Tuesday, October 16, 2007
Variation on an old favorite. Once you start on a cooking tear, one thing leads to another. I'm remembering the benefits of cooking more things from scratch, not the least of which is adding more healthy fruits and vegetables into the diet. Also the more you cook the more confident you get in doing variations and making things with what's at hand without the precise measuring, and it usually turns out fine. In this case, I remembered an old favorite, but not which recipe book it was in, nor the precise ingredients. Nonetheless, I made something close, and I think just as good by memory and incorporating things in my house already.
But the first thing I did was find a right-sized organic kabocha (Japanese pumpkin) at the local market. If you make this yourself, just think about the number of people you want to serve, and choose the size of kabocha for that many, then proportion the ingredients that will fill it, to match approximately the cavity size and a bit for the outside. I washed it and took out the seeds, being careful to also take away the stringy part. The recipe as I remembered called for baking the kabocha, but the times can vary, so I went with a more foolproof method - steaming.
So I put it into my spaghetti pot, and filled the bottom with alkaline filtered water (preserves the color and is a healthier water) - you can use regular water of course, then set the hallow kabocha in it, putting the lid back on so that it kept its shape.
I steamed it for about 25 minutes, while assembling and creating the filling. I used about 8 oz of fresh shitake mushrooms, a couple handfuls of walnuts, and two garlic cloves. I cleaned, sliced and chopped. I also had 1/2 lb. of freshly ground turkey breast. (For my vegtarian friends, substituting firm tofu would work well with this recipe.) I sauteed the turkey breast and chopped garlic first, when the meat was no longer pink, I added the mushrooms, sauteed some more and finally added the walnuts halves, which I quartered.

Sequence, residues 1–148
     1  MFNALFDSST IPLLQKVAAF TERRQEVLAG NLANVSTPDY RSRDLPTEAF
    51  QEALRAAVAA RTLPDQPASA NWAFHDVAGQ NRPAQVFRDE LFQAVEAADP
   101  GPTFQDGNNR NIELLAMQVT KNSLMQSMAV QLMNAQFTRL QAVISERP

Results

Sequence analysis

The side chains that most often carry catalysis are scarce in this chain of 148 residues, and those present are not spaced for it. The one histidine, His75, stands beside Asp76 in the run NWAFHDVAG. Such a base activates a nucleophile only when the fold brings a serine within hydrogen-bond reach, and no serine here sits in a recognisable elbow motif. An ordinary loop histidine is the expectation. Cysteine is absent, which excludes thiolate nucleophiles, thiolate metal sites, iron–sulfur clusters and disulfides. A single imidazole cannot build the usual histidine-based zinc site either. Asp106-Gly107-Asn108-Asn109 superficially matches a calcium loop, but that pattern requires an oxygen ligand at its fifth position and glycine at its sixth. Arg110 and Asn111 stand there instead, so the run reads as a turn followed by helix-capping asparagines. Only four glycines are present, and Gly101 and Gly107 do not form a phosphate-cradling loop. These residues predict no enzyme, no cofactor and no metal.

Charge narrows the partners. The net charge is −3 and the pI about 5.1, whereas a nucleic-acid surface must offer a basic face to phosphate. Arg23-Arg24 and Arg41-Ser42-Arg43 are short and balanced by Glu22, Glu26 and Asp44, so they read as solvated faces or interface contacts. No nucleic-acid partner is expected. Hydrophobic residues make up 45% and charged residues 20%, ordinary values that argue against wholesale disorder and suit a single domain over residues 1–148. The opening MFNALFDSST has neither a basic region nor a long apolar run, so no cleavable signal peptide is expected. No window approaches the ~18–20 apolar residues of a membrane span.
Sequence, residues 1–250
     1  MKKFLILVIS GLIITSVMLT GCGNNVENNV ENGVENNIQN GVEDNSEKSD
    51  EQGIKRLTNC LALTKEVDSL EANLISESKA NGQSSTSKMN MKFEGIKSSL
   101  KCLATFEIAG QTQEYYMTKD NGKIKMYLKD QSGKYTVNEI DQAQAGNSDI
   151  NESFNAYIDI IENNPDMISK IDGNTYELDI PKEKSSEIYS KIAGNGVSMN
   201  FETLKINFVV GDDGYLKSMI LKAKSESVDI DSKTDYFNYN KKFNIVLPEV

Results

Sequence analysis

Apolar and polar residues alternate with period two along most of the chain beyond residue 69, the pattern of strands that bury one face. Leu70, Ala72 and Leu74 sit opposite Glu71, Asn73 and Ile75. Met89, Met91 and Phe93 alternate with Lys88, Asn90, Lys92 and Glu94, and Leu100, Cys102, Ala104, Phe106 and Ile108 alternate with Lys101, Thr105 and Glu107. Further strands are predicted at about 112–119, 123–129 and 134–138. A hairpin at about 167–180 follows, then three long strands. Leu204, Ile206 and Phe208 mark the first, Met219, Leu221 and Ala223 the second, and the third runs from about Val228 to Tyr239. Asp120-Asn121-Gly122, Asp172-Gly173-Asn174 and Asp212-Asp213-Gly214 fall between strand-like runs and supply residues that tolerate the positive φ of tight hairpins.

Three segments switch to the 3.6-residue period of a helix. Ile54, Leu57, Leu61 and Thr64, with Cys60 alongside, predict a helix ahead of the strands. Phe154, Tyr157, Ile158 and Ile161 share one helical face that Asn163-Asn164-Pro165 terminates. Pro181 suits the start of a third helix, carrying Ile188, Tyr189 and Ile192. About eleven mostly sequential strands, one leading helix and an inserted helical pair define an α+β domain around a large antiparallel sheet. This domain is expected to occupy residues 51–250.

I then took a shitake mushroom organic gravy mix I had in the pantry, and mixed it with a cup of water, and added it to the meat and vegetables in the sautee pan, cooking it down to a thick consistency. When it was the right consistency, and about the time the kabocha was done steaming, I took it off the heat, let it rest a minute and then added a small (5.2 oz) carton of Fage Greek 0% fat yogurt.
I then spooned the hot mixture into the kabocha and capped it for a photo session before Dad and I devoured a good portion of it for dinner. We topped the meal off with some fresh nashi and plumcots. Our blood antioxidant levels must have been off the scale afterwards.
This is also my entry for Weekend Herb Blogging, hosted by Susan at The Well-Seasoned Cook. I'm highlighting the kabocha for this post as it is so completely healthy, and easy to use since the skin cooks up tender and you don't have to peel it to enjoy. Just eat peel and all!
If you like the texture and flavor of butternut squash, then you'll love the kabocha. It is chock full of beta carotene, with iron, vitamin C, and potassium. It has smaller amounts of calcium and folic acid as well. Grown in the U.S. as well as Japan, it is interesting that most of the California, Colorado and New Zealand kabocha crop is exported to Japan.